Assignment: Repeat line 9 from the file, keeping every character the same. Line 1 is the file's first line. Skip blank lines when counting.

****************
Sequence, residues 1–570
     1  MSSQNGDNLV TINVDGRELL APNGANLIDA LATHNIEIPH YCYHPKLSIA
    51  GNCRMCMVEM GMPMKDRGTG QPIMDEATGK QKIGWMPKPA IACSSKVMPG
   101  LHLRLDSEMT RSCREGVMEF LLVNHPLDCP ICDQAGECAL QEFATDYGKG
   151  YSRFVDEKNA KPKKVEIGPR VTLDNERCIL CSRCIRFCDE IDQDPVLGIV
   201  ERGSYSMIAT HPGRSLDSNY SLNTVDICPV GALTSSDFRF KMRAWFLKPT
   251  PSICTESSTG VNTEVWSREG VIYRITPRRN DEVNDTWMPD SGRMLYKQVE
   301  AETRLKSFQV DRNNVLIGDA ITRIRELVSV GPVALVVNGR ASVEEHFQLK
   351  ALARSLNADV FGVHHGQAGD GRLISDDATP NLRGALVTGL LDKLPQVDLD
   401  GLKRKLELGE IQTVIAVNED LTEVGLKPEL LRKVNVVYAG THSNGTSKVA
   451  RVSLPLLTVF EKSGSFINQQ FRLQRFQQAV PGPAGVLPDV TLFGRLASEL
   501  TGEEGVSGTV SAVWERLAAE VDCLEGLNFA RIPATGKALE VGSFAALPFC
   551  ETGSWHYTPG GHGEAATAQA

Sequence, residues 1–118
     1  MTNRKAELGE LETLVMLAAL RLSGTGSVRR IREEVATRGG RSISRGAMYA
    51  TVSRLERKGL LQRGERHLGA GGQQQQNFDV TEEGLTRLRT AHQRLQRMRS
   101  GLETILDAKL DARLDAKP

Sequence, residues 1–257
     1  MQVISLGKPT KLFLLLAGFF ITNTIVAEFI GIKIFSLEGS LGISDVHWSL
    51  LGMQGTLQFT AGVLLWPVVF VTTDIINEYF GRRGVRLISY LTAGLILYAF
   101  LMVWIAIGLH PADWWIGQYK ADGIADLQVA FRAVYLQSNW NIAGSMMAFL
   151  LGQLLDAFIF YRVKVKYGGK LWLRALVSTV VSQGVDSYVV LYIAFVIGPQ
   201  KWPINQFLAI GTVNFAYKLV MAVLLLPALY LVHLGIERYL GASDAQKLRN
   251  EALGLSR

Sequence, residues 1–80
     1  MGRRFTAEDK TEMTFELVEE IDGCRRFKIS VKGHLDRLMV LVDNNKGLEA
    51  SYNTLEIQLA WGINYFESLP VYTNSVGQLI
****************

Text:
   351  ALARSLNADV FGVHHGQAGD GRLISDDATP NLRGALVTGL LDKLPQVDLD